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College Profs on Film: Good, Bad or Just Ewwww?

Films, TV shows, and books of the 'modern' era

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movieman1957
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Re: College Profs on Film: Good, Bad or Just Ewwww?

Postby movieman1957 » September 9th, 2014, 11:10 am

Maybe not college professors but two British films worth the time are "The Browning Version" with Michael Redgrave and "Term of Trial" with Laurence Olivier.

It's been some time since I've seen them both but the leads give strong performances in each film.
Chris

"Time flies like an arrow, fruit flies like a banana."

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Rita Hayworth
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Re: College Profs on Film: Good, Bad or Just Ewwww?

Postby Rita Hayworth » September 9th, 2014, 11:47 am

The Paper Chase - to me ...

It's good, bad, and all around a problem for me to watch it at anytime. The main problem with me is that I don't like the two main stars in this movie Timothy Bottoms and John Houseman. Lindsay Wagner is not the issue here - but to me it's an absolute bore after watching it again after it's brilliant initial take. To me, it's dated and I just have a hard time watching this movie again and having said that this movie won a Oscar for the Best Supporting Actor in John Houseman of whom I find it hard to believe that he won an Oscar for that role.

I think that Award should had gone to Jason Miller in the Exorcist. Because he was more memorable than Houseman in Paper Chase. I maybe bias - but I have a hard time understanding John Houseman on film.

Paper Chase has been a problematic film for years and having said that - the Professor in this film was slightly overrated in a field of of not so good Supporting Actors that year and to me the Academy Awards of 1974 was a lackluster year. That's my educated guess.

To me, I just can't stand John Houseman period.

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Re: College Profs on Film: Good, Bad or Just Ewwww?

Postby JackFavell » September 9th, 2014, 2:34 pm

Ahh Term of Trial, yes! What a terrific choice, Chris! I totally forgot about that one... one of the best little known movies Olivier made. They give George and Martha from Who's Afraid of V. Woolf a run for their money. :D

The whole point of The Paper Chase is that you NOT like John Houseman. I think it speaks to his excellence in this role that when the topic came up, we ALL thought of him first. He's the ne plus ultra of movie professors.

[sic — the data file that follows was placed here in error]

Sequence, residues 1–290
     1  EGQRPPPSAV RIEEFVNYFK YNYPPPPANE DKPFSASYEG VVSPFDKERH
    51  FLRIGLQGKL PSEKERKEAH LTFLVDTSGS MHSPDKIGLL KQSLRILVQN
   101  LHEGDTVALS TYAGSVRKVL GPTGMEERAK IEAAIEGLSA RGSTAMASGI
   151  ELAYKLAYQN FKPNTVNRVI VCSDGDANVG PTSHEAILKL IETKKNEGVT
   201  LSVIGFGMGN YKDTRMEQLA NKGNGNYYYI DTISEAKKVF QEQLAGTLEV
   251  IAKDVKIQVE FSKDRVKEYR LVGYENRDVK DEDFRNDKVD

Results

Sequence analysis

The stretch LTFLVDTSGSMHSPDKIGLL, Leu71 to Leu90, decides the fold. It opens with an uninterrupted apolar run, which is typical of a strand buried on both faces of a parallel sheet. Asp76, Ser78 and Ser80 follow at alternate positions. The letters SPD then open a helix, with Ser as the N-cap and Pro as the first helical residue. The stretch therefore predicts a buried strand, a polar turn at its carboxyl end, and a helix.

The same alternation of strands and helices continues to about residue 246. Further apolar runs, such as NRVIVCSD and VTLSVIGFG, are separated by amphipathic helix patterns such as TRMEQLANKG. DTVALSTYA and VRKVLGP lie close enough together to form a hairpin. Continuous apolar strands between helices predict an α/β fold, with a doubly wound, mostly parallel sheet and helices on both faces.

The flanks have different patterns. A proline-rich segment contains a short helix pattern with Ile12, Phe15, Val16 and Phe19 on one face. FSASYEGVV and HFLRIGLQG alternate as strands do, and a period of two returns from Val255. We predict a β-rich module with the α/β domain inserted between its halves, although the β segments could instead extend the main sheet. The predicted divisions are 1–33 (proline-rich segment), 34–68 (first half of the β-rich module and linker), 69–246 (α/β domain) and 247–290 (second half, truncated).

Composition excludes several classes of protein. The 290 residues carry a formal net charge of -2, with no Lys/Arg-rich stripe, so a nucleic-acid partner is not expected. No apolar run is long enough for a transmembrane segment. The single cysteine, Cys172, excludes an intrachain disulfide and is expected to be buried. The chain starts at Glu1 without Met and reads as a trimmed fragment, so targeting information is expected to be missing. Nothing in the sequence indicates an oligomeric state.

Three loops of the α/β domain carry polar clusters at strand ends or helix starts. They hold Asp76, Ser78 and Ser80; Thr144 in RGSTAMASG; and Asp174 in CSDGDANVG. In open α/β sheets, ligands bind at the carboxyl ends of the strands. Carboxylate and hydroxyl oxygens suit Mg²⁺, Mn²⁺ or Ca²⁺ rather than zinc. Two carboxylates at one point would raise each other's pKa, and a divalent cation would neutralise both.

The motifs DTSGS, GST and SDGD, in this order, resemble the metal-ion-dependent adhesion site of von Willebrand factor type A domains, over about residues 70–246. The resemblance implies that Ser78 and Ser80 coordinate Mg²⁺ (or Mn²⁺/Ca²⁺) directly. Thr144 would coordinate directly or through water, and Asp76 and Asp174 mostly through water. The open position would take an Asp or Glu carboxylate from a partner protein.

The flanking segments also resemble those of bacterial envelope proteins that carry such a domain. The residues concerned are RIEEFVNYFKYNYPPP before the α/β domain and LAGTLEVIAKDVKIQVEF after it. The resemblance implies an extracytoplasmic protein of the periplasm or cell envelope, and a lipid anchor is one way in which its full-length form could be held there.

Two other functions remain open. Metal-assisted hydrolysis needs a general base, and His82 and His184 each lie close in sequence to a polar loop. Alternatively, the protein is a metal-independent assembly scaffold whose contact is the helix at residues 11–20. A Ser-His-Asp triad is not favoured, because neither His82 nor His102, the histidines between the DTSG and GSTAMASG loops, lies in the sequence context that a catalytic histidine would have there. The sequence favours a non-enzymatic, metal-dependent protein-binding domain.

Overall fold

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Re: College Profs on Film: Good, Bad or Just Ewwww?

Postby movieman1957 » September 9th, 2014, 3:30 pm

They give George and Martha from Who's Afraid of V. Woolf a run for their money. :D

...and that takes some doing.

As far as Houseman goes no one could have been cast better. I don't recall seeing him in anything where you did like him.
Chris

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Rita Hayworth
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Re: College Profs on Film: Good, Bad or Just Ewwww?

Postby Rita Hayworth » September 9th, 2014, 3:51 pm

JackFavell wrote:The whole point of The Paper Chase is that you NOT like John Houseman. I think it speaks to his excellence in this role that when the topic came up, we ALL thought of him first. He's the ne plus ultra of movie professors.


movieman1957 wrote:As far as Houseman goes no one could have been cast better. I don't recall seeing him in anything where you did like him.



The reason that I don't like John Houseman is that he doesn't speak well on film (Remember, I'm hard of hearing folks) and that's the main reason that I don't like him as an actor. To me, actors/actresses are trained to speak well and sometimes certain "performers" like John Houseman comes along and takes the joy of watching a film and make it bad for me because of his speech. I do not like John Houseman for that and that alone makes this film difficult for me to watch.

You have to walk a mile in my shoes to find out the answers you are looking for ... Sorry Jack Favell and Movieman.

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Re: College Profs on Film: Good, Bad or Just Ewwww?

Postby JackFavell » September 9th, 2014, 7:35 pm

I can't believe I didn't think of Orson Welles in THE STRANGER until just now watching on TCM.

Marriage might be awfully exciting with Welles' character...he' s no milquetoast and he's handsome, but I don't think I'd risk it.